This article on the history of the Upper East Side is brought to you by the Upper East Side workers’ comp lawyers of The Disability Guys.
The Upper East Side is a neighborhood in the borough of Manhattan that sits between Central Park/Fifth Avenue, 59th Street, 96th Street, and the East River.
The Historic Beginning Of The Upper East Side
Long before any Europeans arrived in America, the Lenape fished and lived in the area that is now called the Upper East Side. In the early 1600s, Dutch settlers made their way into the area and began to set up settlements throughout New York. Control of the area switched back and forth between the Dutch and British on several occasions until finally the British took control.
The British kept control of New York until the end of the Revolutionary War.
After the American Revolution, the Upper East Side continued to grow as farmland. It wasn’t until 1837 when a railroad station was established and this allowed for commercial development to begin. This caused the local population to grow rapidly. In 1878 the El was constructed and helped to link the Upper East Side to other areas of the city.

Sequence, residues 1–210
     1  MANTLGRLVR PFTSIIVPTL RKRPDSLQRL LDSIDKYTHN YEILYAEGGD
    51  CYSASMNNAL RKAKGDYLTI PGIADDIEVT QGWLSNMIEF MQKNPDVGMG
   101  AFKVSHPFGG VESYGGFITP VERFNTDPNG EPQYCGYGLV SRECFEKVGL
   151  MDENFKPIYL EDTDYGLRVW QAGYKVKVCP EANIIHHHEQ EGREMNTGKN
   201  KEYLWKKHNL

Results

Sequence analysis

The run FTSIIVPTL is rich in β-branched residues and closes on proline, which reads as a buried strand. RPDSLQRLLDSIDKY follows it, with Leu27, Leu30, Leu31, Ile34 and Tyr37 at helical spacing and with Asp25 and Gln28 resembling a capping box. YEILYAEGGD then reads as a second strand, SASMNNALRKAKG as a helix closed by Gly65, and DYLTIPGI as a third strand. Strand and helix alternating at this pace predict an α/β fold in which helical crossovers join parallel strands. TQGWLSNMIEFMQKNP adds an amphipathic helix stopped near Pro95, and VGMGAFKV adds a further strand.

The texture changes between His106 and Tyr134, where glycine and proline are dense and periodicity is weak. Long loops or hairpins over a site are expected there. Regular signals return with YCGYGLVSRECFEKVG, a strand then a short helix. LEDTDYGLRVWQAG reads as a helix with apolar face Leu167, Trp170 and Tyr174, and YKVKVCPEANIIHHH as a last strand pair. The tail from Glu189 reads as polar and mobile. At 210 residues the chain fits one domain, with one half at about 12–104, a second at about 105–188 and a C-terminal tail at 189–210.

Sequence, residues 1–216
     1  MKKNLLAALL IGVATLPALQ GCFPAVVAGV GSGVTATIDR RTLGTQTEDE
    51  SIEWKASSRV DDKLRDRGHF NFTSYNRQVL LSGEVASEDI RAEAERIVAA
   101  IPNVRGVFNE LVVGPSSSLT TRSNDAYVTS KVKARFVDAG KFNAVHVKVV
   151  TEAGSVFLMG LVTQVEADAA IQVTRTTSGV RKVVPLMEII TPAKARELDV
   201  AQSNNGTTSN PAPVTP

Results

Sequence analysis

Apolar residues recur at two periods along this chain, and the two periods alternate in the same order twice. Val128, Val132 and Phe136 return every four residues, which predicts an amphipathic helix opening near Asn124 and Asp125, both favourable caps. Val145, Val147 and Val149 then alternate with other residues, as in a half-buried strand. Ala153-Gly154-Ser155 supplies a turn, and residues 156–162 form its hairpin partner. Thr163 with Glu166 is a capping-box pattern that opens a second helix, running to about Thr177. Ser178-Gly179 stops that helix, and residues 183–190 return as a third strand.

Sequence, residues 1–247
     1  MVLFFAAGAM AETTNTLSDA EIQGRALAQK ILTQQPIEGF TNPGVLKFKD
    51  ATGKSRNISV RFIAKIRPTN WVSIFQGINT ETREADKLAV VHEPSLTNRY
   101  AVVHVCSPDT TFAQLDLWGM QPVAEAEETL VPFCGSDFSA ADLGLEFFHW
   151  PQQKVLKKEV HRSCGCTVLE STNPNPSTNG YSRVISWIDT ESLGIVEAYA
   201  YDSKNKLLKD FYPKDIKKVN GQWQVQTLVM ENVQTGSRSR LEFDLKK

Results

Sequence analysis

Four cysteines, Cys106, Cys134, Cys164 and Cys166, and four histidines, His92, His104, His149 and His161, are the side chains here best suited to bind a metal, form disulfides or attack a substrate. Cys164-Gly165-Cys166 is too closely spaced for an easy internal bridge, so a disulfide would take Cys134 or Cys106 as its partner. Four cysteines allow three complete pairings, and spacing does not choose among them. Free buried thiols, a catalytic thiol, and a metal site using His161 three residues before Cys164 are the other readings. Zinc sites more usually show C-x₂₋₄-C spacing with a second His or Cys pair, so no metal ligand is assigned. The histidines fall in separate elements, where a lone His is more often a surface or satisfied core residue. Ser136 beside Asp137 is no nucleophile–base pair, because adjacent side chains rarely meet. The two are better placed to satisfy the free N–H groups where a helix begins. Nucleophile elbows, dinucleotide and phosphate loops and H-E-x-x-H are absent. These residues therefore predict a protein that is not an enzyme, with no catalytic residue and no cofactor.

Despite challenges during the Civil War, World War I, and World War II, the Upper East Side has continued to grow steadily, with farmland disappearing and city blocks being constructed.
Gracie Mansion Becomes The Mayor’s Home
Hundreds of years ago during the Revolutionary War, George Washington took control of a house that sat on the East River called Belview Mansion. Tragically, this historic and beautiful structure was destroyed by the British during the war so that it couldn’t be strategically used by Washington and his allies.
After the war in 1799, Archibald Gracie built a second Mansion on the same spot. The home was his country home until he sold it in 1823 to pay off debts. Several others owned the home and then in 1896, the municipal government seized ownership and made the mansion part of the Carl Schurz Park. Over the following decades, the house was used as an ice cream stand, a location for public restrooms, and even classrooms. Then, from 1924 to 1936, it became a museum and historic house.
In 1942 that all changed when it was decided that it would become the mayoral home. Although it is called the mayoral home, the Mayor does not need to live there.
The Upper East Side Today
Other than the mayor and his/her family, the Upper East Side is also home to nearly 220,000 residents. The neighborhood residents have a median household income of $123,000 and the neighborhood is considered the highest income in relation to the rest of the city.
There are hundreds of things to do and dozens of fabulous places to eat in this amazing neighborhood and those who want to travel to other parts of New York City have easy access to public transportation.